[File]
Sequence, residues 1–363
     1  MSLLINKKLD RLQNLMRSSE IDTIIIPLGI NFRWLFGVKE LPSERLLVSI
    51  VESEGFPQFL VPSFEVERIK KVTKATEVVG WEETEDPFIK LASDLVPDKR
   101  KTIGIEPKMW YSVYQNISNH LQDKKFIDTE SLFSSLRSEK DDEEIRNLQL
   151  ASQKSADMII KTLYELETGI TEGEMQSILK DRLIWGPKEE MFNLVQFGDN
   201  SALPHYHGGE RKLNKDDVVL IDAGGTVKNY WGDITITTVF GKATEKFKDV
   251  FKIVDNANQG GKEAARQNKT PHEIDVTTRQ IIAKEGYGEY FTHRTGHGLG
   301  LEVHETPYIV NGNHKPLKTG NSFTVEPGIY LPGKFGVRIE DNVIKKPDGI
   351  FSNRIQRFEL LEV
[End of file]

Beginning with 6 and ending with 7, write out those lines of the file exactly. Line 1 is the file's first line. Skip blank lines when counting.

   201  SALPHYHGGE RKLNKDDVVL IDAGGTVKNY WGDITITTVF GKATEKFKDV
   251  FKIVDNANQG GKEAARQNKT PHEIDVTTRQ IIAKEGYGEY FTHRTGHGLG